The show goes on.
Corner Gallery/Art Center
201 South State Street, Ukiah, CA
(707) 462-1400 www.cornergalleryukiah.com
CATCH OF THE DAY, April 29, 2020
VINCENT HERNANDEZ, Ukiah. County parole violation.
CASEY IRELAND, Willits. Parole violation.
DEANNA MADRID, Calpella. Assault with deadly weapon not a gun, domestic battery, probation revocation.
BILLYJOHN ULLOA, Littlefield/Piercy. Vehicle theft, taking vehicle without owner’s consent, controlled substance.
In March, as Europe and the US began to apprehend the scale of the Covid-19 pandemic, investors panicked. Financial markets plunged. The rout was so severe that on several occasions in the second and third week of March, normal market functioning was in question. The prices of US Treasuries, the ultimate safe asset for investors all over the world, swung wildly as fund managers, scrambling for cash, sold everything they could sell. In the foreign exchange market, through which more than $6 trillion normally swirl every day, the traffic was all one way: out of every currency in the world, into dollars. No market can function for long like that. Sterling plunged. Even gold was sold off. This was not a banking crisis like the one in 2008, but, had it not been for the spectacular intervention carried out by the US Federal Reserve, the Bank of England and the European Central Bank, we would now be facing not only the ravages of Covid-19 and the disastrous social and economic consequences of the lockdown, but a financial heart attack as well.
Instead, we are experiencing a shockwave of credit contraction. Production and employment have shrunk dramatically. Huge programs of government spending have been set in motion, not to create new jobs but to sustain the economy on life-support. The challenge isn’t merely technical. This is a global crisis, which affects virtually every community on the planet. And it has exposed stark differences between the major economic blocs, such that it is now more difficult than ever to understand how the thing we call the world economy actually fits together.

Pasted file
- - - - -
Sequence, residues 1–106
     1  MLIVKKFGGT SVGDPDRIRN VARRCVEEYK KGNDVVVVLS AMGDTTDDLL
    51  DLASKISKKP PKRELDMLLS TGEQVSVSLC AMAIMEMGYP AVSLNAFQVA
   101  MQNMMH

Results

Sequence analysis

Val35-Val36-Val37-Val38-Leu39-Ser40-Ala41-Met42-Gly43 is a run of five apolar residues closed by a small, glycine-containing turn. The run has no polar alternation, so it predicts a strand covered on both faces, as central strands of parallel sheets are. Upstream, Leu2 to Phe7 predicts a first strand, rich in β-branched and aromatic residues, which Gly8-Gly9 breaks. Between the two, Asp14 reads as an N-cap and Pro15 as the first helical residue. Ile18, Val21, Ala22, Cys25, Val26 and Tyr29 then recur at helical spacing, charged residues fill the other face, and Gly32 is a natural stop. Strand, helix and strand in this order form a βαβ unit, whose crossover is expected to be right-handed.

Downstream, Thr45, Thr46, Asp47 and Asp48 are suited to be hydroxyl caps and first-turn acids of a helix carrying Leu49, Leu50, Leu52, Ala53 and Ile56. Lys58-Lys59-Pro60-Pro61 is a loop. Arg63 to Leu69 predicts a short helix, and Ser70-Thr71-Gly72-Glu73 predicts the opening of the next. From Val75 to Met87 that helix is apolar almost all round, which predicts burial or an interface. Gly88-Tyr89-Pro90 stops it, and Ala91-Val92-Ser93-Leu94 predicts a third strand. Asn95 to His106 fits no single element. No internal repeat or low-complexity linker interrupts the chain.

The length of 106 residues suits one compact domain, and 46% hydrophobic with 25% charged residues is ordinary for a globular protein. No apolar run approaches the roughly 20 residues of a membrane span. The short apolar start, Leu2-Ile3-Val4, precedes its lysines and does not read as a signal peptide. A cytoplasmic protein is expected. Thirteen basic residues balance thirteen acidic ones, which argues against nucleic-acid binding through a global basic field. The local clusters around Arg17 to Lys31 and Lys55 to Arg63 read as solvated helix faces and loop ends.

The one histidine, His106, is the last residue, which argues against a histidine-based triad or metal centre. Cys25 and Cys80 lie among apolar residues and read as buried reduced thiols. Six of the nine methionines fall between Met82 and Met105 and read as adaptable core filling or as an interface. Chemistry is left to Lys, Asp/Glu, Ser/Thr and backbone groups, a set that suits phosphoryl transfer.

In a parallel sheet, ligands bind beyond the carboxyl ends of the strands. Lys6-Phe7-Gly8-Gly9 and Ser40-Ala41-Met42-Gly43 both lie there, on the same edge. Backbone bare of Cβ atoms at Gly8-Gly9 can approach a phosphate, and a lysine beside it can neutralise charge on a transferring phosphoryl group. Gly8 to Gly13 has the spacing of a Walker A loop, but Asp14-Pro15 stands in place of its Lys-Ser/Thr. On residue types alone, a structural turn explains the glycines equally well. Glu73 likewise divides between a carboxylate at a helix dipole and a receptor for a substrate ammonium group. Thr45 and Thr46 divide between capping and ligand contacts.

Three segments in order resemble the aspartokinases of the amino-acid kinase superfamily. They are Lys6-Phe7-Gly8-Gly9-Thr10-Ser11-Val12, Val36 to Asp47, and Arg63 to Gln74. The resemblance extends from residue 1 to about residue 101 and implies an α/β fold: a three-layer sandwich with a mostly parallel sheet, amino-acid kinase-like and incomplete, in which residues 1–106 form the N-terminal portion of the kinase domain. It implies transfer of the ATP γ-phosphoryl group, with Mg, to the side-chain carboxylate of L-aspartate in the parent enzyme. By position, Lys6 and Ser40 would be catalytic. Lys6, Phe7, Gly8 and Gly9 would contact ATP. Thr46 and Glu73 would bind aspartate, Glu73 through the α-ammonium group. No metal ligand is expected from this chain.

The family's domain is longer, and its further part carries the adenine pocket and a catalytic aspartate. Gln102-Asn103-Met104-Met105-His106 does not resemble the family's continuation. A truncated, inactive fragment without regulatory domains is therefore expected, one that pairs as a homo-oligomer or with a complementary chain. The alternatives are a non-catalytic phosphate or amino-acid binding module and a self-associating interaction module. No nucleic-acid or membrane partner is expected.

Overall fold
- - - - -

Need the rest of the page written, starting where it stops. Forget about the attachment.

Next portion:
The three great centers of production, exchange and corporate activity are the US, China and the Eurozone. These economic hubs are tied together through flows of trade, organized through complex supply chains that span the globe. Each of the three hubs has a hinterland extending into neighboring regions in Latin America, East Central Europe, Africa and across Asia. They are all stitched into a global financial system that uses the US dollar as its currency of trade and credit.
Each of the three hubs has characteristic weaknesses. The worry about China is the sustainability of its debt-fuelled economic growth. The basic weaknesses of the Eurozone are that it still doesn’t have a backstop for its rickety banking system and that it lacks a shared fiscal capacity; what’s more, Italy’s finances are so weak that they continually threaten to upset European solidarity. In the US, the national institutions of economic policy actually work: they demonstrated this in 2008 and are doing so again now. The Fed and the Treasury exert a huge influence not only over the US economy but the entire global system. The question is how they stand in relation to a profoundly divided American society and how their technocratic style of policymaking is received by the know-nothing nationalist right wing of the Republican Party and its champion in the White House.
Over recent years, each of these weaknesses has at various times seized the attention of the fund managers and business leaders who direct global business, and the experts and technicians who advise them. It isn’t a secret that China’s debt bubble, Europe’s divisions and America’s irrational political culture pose a challenge to the functioning of what we know as the world economy.
What caused the panic last month was the realization that Covid-19 has exposed all three weaknesses simultaneously. Indeed, in Europe and the US the failure of government has been so severe that we now face a public health catastrophe and an economic disaster at the same time. And to make matters worse, Donald Trump appears tempted to juggle the two.
— Adam Tooze, London Review of Books
ON LINE COMMENT OF THE DAY